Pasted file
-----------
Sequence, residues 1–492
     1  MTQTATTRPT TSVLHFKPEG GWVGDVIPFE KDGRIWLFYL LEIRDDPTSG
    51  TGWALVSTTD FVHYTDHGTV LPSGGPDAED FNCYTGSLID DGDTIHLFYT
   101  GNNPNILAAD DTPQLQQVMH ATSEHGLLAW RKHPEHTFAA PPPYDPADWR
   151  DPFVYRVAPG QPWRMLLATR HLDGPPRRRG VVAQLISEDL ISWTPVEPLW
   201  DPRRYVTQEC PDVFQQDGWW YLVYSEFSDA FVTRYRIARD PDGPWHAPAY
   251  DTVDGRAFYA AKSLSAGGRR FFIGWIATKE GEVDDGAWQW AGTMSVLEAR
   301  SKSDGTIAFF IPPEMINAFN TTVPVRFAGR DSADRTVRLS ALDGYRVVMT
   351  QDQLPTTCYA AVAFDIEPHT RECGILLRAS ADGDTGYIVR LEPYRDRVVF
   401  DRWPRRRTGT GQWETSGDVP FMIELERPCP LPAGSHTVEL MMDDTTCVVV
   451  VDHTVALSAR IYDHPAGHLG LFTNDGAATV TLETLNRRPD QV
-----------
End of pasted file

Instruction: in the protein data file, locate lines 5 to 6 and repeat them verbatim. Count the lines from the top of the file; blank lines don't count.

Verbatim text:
   151  DPFVYRVAPG QPWRMLLATR HLDGPPRRRG VVAQLISEDL ISWTPVEPLW
   201  DPRRYVTQEC PDVFQQDGWW YLVYSEFSDA FVTRYRIARD PDGPWHAPAY